A whole ‘land promotion’ side-industry has sprung up to enable speculators to share in the planning uplift, using legal mechanisms like ‘option agreements’ and ‘promotion agreements’ to reduce risk and increase profits. As a result, land is scarce and acquiring it is both costly and difficult, despite the fact that only around 6% of UK land mass is actually built on.

Why planning reform won’t solve the problem

Perhaps because land speculation is so rampant in Britain, the planning system is currently painted as the big bad wolf of the housing crisis amongst conservative thinkers. There is a belief that the land market will magically start behaving like any other free market if we scrap the 1947 Town and Country Planning Act. But for all its flaws, the planning system is not the fundamental issue here, even if there is a genuine case for planning reform.

In Victorian Britain, slum housing, rising rents and overcrowding plagued the Capital and other areas of rapid economic growth. This had nothing to do with rules and regulations (which were next to non-existent), and everything to do with the power that comes with land monopoly. The poor got poorer and the landed got richer: ‘twas ever thus.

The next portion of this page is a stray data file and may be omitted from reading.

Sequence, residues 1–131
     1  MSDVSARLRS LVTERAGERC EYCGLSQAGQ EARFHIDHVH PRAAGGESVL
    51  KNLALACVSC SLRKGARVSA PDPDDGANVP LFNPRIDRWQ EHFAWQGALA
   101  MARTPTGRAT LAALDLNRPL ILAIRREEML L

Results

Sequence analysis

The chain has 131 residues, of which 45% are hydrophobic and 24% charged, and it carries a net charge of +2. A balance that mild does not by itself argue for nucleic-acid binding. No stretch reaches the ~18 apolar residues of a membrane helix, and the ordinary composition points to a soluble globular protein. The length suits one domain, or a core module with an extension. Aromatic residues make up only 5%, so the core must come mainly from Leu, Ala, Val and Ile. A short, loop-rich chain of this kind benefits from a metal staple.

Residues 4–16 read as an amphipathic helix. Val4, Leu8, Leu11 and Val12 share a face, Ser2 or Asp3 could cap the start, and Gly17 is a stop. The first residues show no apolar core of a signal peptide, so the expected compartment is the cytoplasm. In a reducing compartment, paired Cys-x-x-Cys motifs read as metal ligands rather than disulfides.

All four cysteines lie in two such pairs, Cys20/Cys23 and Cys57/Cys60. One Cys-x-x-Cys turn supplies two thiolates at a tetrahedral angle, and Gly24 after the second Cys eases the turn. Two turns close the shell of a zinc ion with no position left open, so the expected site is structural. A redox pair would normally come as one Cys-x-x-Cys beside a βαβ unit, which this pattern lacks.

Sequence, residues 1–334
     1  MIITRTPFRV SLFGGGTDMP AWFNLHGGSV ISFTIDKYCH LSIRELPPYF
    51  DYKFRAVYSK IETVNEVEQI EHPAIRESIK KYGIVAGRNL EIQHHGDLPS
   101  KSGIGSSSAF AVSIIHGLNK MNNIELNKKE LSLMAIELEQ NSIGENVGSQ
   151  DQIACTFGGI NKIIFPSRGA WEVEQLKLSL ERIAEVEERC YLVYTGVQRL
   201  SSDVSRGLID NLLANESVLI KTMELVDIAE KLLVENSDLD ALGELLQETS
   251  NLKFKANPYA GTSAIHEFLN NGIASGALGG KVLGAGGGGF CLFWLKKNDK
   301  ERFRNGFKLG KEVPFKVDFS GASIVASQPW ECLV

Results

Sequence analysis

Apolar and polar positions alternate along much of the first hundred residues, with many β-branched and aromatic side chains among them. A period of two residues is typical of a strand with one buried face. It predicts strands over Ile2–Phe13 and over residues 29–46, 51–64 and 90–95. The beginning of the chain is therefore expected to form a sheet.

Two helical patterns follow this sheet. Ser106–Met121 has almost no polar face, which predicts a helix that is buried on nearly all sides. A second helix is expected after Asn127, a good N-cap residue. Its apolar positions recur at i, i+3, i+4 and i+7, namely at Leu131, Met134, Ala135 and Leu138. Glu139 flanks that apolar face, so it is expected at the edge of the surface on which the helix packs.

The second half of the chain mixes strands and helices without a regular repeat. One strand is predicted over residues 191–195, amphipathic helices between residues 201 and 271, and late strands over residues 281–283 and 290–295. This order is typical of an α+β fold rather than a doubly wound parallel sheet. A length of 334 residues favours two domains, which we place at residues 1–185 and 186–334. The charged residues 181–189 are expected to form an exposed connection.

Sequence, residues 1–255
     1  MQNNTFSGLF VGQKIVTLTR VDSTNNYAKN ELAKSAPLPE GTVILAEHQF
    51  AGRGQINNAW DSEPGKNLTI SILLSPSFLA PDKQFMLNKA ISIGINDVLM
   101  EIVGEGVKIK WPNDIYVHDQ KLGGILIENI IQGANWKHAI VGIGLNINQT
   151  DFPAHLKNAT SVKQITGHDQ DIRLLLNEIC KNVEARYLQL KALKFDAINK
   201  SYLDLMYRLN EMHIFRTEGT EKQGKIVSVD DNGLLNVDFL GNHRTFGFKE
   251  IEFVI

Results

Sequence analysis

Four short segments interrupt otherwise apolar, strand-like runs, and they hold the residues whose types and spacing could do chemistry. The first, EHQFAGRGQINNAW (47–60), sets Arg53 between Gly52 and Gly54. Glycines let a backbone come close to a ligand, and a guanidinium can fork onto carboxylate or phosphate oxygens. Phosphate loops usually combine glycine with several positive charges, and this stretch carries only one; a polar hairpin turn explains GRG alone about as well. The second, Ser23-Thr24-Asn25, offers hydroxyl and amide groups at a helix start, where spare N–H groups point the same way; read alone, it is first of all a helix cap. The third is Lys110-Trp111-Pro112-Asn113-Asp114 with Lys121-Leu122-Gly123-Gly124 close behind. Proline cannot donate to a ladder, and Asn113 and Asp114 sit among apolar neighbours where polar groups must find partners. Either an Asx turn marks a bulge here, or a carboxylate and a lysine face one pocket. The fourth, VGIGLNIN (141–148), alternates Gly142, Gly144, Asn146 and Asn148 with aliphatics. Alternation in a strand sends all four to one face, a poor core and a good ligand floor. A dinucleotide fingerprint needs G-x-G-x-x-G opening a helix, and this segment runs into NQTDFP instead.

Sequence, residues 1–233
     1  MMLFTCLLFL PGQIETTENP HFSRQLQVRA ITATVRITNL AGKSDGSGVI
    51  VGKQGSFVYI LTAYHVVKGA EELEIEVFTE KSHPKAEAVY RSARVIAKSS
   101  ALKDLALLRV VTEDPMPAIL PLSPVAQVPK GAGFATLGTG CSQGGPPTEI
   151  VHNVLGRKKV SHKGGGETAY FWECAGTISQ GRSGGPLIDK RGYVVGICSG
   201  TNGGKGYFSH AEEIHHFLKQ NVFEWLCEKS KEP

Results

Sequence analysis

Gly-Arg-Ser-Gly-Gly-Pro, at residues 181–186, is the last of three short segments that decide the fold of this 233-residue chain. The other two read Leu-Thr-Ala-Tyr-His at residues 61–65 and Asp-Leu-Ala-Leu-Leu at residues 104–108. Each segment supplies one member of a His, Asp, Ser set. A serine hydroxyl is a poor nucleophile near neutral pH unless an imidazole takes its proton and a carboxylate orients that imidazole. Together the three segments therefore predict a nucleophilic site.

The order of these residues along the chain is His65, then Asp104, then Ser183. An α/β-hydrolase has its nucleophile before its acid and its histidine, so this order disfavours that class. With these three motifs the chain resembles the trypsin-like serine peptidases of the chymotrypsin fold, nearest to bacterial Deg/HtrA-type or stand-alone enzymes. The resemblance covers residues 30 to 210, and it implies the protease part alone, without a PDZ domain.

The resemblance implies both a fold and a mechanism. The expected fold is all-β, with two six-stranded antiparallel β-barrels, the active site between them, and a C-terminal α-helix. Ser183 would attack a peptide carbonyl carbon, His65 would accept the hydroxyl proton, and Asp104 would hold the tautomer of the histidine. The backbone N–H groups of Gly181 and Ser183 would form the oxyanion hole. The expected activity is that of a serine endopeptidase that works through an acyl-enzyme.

We need to keep talking about land and credit

The only way to permanently stop the price of property ballooning out of all proportion is to tax the land beneath it. A land value tax could replace council tax (a ‘highly regressive’ policy that falls hardest on the least well-off), business rates and Stamp Duty Land Tax, and would disincentivise land speculation. It could raise much-needed revenue for public services hit by austerity cutbacks. Or it could even be redistributed in the form of a ‘citizen’s dividend’ or Universal Basic Income.